By Deacon Keith Fournier

It is not accidental that the Bible, from beginning to the end, uses marriage as a metaphor and a symbol to reveal the plan of God for the whole human race.  Marriage was God's plan from the beginning as we see in the first book of Genesis. Throughout the Old ... continue reading

The Sower. The Seed. The Field. Understanding the Christian Mission Watch

Image of

By Deacon Keith Fournier

"A sower went out to sow. And, as he sowed, some seed fell on the path, and birds came and ate it up. Some fell on rocky ground, where it had little soil. It sprang up at once because the soil was not deep, and when the sun rose it was scorched, and it withered for ... continue reading

Reflection on the Catholic Catechism: Understanding the Bible Watch

Image of

By Michael Terheyden

How we interpret the Bible is of immense importance! It directly affects what we believe about Christ, the Church, and our faith, but it is also related to many of the grave problems in our society and the world. Yet, despite the gravity of this situation, we have good ... continue reading

Christ the King, the Year of Faith and the Catholic Counterculture Watch

Image of On this Solemnity of the Feast of Christ the King, the Year of Faith inaugurated by Pope Emeritus Benedict XVI comes to a ceremonial end. However, in reality, it cannot and will not end, because Jesus Christ is King! The Year of Faith was only the beginning for those who choose to live the Life of Faith.

By Deacon Keith Fournier

We celebrate the Feast of Christ the King. It is one of many opportunities the Catholic Church year offers to each one of us to consider the creature called time, receive it as a gift, and begin to really live our lives differently.  This is one of ... continue reading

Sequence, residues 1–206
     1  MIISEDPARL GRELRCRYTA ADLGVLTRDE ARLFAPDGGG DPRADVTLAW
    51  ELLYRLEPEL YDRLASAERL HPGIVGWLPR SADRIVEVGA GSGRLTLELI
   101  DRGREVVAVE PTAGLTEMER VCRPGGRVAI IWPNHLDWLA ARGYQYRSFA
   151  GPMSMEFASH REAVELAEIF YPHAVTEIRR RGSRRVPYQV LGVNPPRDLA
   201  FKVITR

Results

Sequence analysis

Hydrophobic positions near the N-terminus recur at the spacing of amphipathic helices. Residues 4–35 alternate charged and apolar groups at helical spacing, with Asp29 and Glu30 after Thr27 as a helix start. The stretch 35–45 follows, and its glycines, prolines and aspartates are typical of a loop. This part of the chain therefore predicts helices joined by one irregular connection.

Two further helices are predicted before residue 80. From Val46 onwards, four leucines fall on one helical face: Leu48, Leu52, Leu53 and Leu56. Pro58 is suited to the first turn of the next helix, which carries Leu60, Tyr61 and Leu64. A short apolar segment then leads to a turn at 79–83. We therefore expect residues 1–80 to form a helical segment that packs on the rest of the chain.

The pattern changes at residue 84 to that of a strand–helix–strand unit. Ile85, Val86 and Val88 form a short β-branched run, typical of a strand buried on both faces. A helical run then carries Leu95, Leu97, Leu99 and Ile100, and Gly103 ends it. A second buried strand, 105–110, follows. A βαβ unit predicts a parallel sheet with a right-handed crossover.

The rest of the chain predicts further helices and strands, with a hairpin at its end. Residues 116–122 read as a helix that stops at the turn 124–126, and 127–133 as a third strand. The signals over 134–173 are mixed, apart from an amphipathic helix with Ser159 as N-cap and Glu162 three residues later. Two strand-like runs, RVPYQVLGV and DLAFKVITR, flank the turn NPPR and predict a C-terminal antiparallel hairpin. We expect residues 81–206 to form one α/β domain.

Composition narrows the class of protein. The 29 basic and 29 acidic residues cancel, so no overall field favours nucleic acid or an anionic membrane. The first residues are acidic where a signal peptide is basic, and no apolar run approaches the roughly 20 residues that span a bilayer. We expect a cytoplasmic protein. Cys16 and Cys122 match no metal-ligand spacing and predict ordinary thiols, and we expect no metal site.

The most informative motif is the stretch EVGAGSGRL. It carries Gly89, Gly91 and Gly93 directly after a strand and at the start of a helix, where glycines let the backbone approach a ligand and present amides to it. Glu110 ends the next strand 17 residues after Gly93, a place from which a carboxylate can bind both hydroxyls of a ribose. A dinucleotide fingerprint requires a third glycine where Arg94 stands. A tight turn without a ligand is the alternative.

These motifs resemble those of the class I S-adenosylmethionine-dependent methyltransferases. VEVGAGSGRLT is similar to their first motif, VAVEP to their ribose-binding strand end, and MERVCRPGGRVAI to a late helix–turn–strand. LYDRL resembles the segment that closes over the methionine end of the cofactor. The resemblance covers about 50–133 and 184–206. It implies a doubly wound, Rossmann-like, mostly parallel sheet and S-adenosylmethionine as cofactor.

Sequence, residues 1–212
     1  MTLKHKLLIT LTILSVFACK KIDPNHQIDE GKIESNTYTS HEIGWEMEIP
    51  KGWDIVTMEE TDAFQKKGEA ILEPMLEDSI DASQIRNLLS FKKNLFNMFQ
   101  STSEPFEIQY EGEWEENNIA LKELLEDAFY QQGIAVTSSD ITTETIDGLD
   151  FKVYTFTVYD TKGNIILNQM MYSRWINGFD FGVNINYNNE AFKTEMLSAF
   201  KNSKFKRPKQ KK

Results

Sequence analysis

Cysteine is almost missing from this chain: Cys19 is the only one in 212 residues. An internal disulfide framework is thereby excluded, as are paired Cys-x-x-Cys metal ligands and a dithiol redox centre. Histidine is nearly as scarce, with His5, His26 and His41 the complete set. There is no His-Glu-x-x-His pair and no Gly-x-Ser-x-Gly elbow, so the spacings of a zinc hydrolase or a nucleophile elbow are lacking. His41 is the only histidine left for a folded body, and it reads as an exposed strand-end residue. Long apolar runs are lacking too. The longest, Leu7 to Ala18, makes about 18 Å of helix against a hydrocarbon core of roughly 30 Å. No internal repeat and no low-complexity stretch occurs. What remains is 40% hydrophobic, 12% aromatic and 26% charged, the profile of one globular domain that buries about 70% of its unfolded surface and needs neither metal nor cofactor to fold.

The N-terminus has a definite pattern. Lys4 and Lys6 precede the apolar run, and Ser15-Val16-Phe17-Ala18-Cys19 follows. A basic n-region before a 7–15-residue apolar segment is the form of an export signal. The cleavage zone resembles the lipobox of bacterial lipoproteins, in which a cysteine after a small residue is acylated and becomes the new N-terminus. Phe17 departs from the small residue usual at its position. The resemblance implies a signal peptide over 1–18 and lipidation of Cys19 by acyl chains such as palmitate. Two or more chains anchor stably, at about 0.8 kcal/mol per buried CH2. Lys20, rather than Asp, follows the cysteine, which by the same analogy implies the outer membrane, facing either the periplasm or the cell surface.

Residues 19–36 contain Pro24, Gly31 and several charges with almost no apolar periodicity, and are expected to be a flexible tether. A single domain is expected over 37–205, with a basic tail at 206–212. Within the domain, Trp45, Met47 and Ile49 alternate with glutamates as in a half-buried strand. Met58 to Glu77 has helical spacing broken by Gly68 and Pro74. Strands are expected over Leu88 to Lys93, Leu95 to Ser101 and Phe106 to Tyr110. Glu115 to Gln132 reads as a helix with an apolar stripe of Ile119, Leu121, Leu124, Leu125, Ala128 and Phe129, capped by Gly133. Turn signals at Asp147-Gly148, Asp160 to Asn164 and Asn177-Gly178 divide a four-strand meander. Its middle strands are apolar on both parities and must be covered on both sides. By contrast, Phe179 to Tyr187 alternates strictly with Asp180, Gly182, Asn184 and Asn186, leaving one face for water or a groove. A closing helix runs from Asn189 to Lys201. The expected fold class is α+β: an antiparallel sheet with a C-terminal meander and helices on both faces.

The Bones of Peter, the Successor of Peter: Close of the Year of Faith Watch

Image of The bones of St. Peter the Apostle

By Deacon Keith Fournier

On the Solemnity of the Feast of Christ the King, the Sunday which marks both the end of the Church Year and the end of the Year of Faith, inaugurated by Pope Emeritus Benedict XVI, Pope Francis greeted thousands of the faithful and presided over Holy Mass and the ... continue reading

Fr Randy Sly on Becoming a House of Prayer Watch

Image of Jesus drives the money changers from the temple. 

With hearts clear and focused on our Lord, we can follow the advice of Blessed Mother Teresa of Calcutta, Everything starts with prayer. Love to pray--feel the need to pray often during the day and take the trouble to pray. If you want to pray better, you must pray more. The more you pray, the easier it becomes. Perfect prayer does not consist of many words but in the fervor of the desire which raises the heart to Jesus. (Fr. Randy Sly)

By Father Randy Sly

Becoming a House of Prayer is the best discipline we can take on. St. Ephraem of Syria states that Virtues are formed by prayer. Prayer preserves temperance. Prayer suppresses anger. Prayer prevents emotions of pride and envy. Prayer draws into the soul the Holy ... continue reading

Jesus Weeps and Offers the Path to Peace Watch

Image of

By Deacon Keith Fournier

If this day you only knew what makes for peace- but now it is hidden from your eyes. For the days are coming upon you when your enemies will raise a palisade against you; they will encircle you and hem you in on all sides. They will smash you to the ground and your ... continue reading

All Year of Faith News


Newsletter Sign Up icon

Stay up to date with the latest news, information, and special offers

Subscribe to Catholic OnlineYouTube Channel

Daily Readings

Reading 1, Isaiah 8:23--9:3
23 For is not everything dark as night for a country in distress? As the ... Read More

Psalm, Psalms 27:1, 4, 13-14
1 [Of David] Yahweh is my light and my salvation, whom should I fear? ... Read More

Gospel, Matthew 4:12-23
12 Hearing that John had been arrested he withdrew to ... Read More

Reading 2, First Corinthians 1:10-13, 17
10 Brothers, I urge you, in the name of our Lord Jesus Christ, not to ... Read More

Saint of the Day

Saint of the Day for January 22nd, 2017 Image

St. Vincent Pallotti
January 22: St. Vincent Pallotti, Priest (Feast - January 22) ... Read More